God above the parameters of human morality? Even as I am
revolted by the actions of these religious terrorists -
and I stand in total opposition not only to their faith
but their very idea of faith - I recognize that the
language of Torah could be similarly hijacked to present
a false defence of evil. How do I show that this would-be
hijacking is not within the truth of Torah?
Akedat Yitzchak, the binding of Isaac,4 is read on the second day
of Rosh Hashanah. It is a most powerful statement
of faith but, more importantly, it is a statement of the
priority of the Will of God over our moral senses. Yet
this idea opens the trap for the pitfalls of religion.
Parameters are lost; belief opens the realm of
possibilities. Akedat Yitzchak is frightening.
Without this idea, however, God is no longer God. God is
no longer above all for God becomes subject to
parameters. Unbridled belief is frightening but with any
parameters God becomes bound. As such, religion, to truly
reflect God, must be boundless and accept the possibility
of that which is beyond us. To accept God means to accept
the possibility that what He declares white is, in fact,
white even as we see black. This is not only part of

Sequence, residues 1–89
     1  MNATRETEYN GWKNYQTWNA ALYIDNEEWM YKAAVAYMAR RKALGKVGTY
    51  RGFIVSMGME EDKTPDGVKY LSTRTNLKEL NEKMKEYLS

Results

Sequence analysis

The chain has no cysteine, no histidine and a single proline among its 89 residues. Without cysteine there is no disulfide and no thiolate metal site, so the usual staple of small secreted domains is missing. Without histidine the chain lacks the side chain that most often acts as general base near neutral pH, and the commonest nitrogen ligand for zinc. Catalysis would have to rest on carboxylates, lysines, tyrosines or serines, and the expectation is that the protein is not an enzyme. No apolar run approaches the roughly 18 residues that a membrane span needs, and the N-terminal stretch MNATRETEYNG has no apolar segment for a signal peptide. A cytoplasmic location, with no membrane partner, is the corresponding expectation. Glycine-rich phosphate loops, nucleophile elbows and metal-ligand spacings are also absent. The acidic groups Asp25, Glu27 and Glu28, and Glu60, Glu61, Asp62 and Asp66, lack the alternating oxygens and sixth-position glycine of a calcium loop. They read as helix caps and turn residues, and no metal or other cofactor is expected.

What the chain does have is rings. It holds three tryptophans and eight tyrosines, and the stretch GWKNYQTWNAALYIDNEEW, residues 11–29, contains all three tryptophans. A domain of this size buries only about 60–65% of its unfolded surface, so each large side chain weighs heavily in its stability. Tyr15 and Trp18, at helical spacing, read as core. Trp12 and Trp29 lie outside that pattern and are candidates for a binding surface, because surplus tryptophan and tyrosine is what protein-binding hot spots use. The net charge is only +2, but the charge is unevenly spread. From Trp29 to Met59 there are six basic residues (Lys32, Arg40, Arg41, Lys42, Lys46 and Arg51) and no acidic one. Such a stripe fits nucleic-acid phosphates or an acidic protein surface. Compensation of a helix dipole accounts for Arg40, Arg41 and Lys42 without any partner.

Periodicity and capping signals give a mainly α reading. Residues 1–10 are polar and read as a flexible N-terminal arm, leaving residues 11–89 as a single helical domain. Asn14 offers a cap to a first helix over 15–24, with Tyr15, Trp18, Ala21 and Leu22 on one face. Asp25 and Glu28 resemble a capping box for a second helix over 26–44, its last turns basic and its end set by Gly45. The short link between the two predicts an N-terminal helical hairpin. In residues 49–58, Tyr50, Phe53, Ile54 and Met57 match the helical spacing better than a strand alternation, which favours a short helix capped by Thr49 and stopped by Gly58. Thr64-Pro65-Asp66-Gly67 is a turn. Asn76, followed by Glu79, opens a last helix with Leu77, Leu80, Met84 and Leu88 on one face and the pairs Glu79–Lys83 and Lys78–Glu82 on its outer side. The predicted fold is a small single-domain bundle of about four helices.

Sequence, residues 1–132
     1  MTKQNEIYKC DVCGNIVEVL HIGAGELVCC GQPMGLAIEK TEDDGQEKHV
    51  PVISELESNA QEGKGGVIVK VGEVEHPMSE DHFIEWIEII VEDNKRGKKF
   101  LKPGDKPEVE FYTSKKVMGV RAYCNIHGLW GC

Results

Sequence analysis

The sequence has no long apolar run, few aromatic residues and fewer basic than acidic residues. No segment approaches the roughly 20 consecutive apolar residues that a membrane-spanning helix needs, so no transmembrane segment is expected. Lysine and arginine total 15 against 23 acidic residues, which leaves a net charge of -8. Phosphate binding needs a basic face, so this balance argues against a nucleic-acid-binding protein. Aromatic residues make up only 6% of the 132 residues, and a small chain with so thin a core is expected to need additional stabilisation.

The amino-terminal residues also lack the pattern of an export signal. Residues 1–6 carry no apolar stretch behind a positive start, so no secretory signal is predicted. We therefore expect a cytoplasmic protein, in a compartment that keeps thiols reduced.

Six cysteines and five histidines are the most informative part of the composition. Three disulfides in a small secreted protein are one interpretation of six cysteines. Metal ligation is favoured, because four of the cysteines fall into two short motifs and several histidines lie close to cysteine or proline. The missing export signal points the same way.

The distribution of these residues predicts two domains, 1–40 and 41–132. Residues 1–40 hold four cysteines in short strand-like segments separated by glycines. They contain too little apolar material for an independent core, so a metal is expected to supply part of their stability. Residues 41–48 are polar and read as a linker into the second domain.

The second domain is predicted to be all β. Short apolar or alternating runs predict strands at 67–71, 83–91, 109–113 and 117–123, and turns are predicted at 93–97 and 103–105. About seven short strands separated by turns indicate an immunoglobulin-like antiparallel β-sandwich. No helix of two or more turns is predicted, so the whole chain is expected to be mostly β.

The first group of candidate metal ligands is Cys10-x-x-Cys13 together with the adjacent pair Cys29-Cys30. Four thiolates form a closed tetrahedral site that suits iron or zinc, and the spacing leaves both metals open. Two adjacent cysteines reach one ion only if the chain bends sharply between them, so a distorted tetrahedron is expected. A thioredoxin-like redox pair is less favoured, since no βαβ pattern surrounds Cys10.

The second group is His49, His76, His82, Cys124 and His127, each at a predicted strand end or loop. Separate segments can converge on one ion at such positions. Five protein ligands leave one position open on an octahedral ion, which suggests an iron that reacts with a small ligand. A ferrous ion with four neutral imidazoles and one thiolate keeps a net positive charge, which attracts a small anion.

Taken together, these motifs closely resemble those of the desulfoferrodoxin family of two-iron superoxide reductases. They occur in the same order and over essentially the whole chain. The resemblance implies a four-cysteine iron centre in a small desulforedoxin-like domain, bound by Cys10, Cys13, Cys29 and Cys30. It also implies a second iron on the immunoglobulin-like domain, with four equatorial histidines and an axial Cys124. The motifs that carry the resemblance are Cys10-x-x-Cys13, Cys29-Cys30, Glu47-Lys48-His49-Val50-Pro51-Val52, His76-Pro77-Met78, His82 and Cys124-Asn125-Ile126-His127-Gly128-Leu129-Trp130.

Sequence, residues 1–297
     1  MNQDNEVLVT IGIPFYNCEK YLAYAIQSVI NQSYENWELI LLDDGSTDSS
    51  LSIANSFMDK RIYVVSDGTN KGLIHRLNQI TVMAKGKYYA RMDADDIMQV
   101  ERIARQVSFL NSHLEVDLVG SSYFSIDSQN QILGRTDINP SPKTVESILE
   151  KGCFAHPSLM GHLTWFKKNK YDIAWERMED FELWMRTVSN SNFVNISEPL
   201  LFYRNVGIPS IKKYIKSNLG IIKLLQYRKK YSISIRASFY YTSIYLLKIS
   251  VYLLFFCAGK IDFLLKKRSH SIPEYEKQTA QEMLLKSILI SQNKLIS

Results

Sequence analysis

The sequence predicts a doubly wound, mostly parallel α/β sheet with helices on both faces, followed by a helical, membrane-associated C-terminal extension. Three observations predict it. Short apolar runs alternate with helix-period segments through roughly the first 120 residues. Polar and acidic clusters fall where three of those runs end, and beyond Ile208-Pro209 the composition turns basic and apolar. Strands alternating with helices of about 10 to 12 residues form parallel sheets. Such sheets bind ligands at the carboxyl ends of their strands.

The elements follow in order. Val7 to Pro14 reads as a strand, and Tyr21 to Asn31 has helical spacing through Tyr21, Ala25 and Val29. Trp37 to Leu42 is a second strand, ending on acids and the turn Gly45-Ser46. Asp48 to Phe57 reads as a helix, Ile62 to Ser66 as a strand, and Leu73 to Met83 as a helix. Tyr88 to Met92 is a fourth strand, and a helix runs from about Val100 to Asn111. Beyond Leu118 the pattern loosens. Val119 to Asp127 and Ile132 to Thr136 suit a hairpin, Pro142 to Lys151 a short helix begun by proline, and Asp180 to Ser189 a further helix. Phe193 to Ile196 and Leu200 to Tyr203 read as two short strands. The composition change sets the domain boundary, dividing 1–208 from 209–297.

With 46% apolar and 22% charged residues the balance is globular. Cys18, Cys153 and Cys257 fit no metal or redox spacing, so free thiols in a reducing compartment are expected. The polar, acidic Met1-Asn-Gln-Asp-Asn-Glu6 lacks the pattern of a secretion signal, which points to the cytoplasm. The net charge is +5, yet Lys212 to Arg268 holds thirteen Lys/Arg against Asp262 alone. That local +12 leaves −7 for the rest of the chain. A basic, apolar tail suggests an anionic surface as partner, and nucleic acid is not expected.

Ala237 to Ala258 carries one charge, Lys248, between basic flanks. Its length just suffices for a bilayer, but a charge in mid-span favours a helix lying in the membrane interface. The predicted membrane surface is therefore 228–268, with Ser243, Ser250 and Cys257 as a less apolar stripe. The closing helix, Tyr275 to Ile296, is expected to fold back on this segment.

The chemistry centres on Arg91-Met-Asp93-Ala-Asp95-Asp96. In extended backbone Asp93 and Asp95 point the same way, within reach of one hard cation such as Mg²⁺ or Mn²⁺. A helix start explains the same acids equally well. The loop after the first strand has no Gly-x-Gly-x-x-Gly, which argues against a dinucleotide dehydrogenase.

Torah, it must be part of Torah. And it is frightening.
It is Akedat Yitzchak itself that provides the
answer - and the answer is confusion. Avraham says to
Yitzchak that God will show the lamb for the sacrifice.
Avraham says to the servants: we will return.
Notwithstanding Rashi's comments, the simple
reading is confusion. This is reinforced in Yalkut
Shimoni, Bereishit 101 which describes Avraham
questioning God at the conclusion of the episode. If God
already declared that Yitzchak was to be the father of
Avraham's generations, how could God call for his
sacrifice? The question is not a challenge of God. The
question is the greatest statement of the Omnipotence of
God. When we question, we recognize the chasm that exists
between us and God. And God's answer to Avraham was that
Avraham was mistaken - God never ordered a sacrifice. If
a chasm exists between Man and God, how can Man ever be
sure that he has heard God correctly? We are called upon
to listen to God but as human beings - and that must
demand confusion. Are we ever sure? As human beings the
answer must be no even as we strive to act in accordance
with the Divine command. Thereby, we recognize the
Awesomeness of God.
The problem of belief lies in the need for the human
being to be sure. He thinks that his belief is sure when
he ignores all other voices - within himself and within
humanity - and gives himself up to his
"beliefs." He thinks he then hears the true
voice of the deity. But he in fact only hears his own
voice - exactly because he is sure. Reliance upon our